Be a Great Boss is one of more than twenty audio podcasts produced by the ADA for dentists. Topics include strategic planning, finding and retaining dental team members and using social media. Find all the podcasts at ADA.org/podcasts.

Hiring the Dental Team—Wait 31 Minutes

Pocket watches in a bunch

Wait 31 Minutes

Do you hire for openings in the dental team? If you do, consider this piece of advice from executive recruiter Lou Adler from the Build Network blog:

When interviewing job candidates, withhold all personal judgments until the 31st minute. First impressions only happen once — and if you’re searching for top talent, you should give candidates at least 30 minutes to make one.

Too often, hiring managers botch the interview process by allowing their immediate impressions of a candidate to shape the entire interaction. “If you click with someone right away, you go easy on them,” Adler explains. “On the other hand, if you have a bad initial reaction, you tend to ask hardball questions.”

If you’ve had experience interviewing candidates is there a rule of thumb that you’ve relied on to help make a good decision? Leave your answers in the comments.

An Employee is Crying — Now What?

An employee crying

Tears in the workplace

Maybe it’s for personal reasons, maybe something happened on-the-job, whatever it was that triggered the emotional response, now there are tears. If you are the boss, what should you do when an employee cries?

Over at the Harvard Business Review blog, Amy Gallo has a comprehensive set of practical steps for managers when an employee cries at work.

If the problem is a personal one, Gallo recommends keeping your response simple:

If you’ve identified that the problem is a personal one, stick to simple and comforting responses — “I’m sorry” or “This is a horrible situation.” Don’t tell him that everything’s going to be OK or imply that he should buck up. And resist the temptation to tell a story of your own.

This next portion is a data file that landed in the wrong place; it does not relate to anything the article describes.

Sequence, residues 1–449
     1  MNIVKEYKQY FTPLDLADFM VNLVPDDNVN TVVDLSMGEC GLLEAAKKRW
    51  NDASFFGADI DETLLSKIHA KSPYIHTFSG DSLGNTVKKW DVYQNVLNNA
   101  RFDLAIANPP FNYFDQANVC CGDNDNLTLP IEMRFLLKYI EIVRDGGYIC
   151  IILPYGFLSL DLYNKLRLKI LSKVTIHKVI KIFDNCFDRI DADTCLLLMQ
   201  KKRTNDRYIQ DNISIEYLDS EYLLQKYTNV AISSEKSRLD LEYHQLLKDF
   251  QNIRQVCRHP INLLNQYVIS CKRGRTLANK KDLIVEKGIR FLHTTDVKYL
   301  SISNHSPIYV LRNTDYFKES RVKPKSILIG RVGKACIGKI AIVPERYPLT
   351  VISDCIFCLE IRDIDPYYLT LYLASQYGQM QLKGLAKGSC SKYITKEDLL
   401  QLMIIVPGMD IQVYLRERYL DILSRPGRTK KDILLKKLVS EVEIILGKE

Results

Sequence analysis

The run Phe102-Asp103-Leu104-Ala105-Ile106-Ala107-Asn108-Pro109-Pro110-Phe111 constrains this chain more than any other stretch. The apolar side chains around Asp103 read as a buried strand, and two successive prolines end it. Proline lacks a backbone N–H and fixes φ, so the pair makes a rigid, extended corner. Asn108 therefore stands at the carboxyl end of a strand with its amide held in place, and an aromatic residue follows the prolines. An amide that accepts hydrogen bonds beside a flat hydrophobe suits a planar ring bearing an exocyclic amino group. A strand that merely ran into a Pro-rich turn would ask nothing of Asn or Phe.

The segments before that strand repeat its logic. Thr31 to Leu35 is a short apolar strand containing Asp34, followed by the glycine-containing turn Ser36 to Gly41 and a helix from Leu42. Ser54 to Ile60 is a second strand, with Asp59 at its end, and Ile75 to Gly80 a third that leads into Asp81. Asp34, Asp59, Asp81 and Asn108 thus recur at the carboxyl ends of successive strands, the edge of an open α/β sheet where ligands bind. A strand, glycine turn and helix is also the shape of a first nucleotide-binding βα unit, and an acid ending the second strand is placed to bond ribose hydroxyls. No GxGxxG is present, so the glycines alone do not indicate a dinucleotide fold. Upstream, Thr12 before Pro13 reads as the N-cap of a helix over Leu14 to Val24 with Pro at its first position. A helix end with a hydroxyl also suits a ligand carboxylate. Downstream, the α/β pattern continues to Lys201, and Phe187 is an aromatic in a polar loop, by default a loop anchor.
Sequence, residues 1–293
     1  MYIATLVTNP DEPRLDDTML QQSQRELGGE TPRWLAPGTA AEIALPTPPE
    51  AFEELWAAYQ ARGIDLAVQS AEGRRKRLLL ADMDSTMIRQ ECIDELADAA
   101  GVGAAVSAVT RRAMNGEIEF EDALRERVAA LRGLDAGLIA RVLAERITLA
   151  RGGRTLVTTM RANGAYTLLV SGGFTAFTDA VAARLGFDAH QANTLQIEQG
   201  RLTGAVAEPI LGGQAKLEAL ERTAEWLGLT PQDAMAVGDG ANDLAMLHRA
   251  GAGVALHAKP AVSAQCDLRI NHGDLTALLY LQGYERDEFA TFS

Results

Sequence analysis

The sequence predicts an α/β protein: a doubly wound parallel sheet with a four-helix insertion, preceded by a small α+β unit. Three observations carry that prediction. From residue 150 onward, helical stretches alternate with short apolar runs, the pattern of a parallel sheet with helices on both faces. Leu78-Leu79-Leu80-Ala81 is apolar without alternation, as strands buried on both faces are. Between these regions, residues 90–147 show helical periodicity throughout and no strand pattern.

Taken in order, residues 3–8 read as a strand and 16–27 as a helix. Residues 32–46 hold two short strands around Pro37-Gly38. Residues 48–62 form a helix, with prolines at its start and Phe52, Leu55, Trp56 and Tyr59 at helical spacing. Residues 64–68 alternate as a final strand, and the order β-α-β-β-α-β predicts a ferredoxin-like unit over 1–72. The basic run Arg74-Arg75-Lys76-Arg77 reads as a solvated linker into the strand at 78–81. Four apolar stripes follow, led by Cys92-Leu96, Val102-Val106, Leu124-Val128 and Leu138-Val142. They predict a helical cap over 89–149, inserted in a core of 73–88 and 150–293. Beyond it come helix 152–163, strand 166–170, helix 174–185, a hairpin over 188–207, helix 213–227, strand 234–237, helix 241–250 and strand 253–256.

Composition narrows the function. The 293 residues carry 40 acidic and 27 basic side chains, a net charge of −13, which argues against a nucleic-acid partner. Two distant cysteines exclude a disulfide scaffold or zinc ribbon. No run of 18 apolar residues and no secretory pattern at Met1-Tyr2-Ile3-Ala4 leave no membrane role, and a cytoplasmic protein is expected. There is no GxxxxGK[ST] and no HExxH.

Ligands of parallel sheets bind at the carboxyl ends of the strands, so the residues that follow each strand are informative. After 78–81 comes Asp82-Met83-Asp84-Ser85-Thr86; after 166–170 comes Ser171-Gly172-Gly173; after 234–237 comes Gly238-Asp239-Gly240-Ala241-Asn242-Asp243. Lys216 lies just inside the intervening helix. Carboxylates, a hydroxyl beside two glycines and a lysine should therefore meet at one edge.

How about you — have you ever been in a situation where you needed to respond to an employee’s tears?

How Valuable is a “Thank You” to the Dental Team?

 

Thanks

Is this valuable?

We all like to feel appreciated, and you probably thank the members of your team for doing good work.

It turns out that expressing your gratitude might be one of the best (and least expensive) investments you can make in your team!

Harvard associate professor Francesca Gino conducted numerous experiments in gratitude for her book, Sidetracked: Why Our Decisions Get Derailed and How We Can Stick to the Plan.

In one experiment, Gino studied a team of 41 call-center fundraisers working on fixed salaries. At the end of one week, the supervisor personally thanked about half of them.

The second week, the group that received thanks saw its call volume shoot up about 50 percent while the unacknowledged group kept its total number of calls about the same.

Why does expressing thanks have such impact?

As Gino explained to Chuck Eddy at Harvard Gazette, “Receiving expressions of gratitude makes us feel a heightened sense of self-worth, and that in turn triggers other helpful behaviors toward both the person we are helping and other people, too.”

 What about you? How do you let members of your team know that they are doing a good job? Leave your answer in the comments.

What Are You Wearing to Work?

Dentist in a white coat

What do you wear to work?

It’s almost summer and the living is sweaty. Recently the Washington Post asked a panel of entrepreneurs about dress code policies for their employees.

One respondent said, “Every minute our staff spends thinking about how they look is a minute away from making the business look good by producing quality work.”

Another small business owner replied, “We just launched an Instagram account where we feature our favorite team outfits each day. Interestingly this has created positive peer pressure on our team to dress fairly well…”

What is appropriate work attire for you? Do you set wardrobe expectations for the dental team? Share your answers in the comments.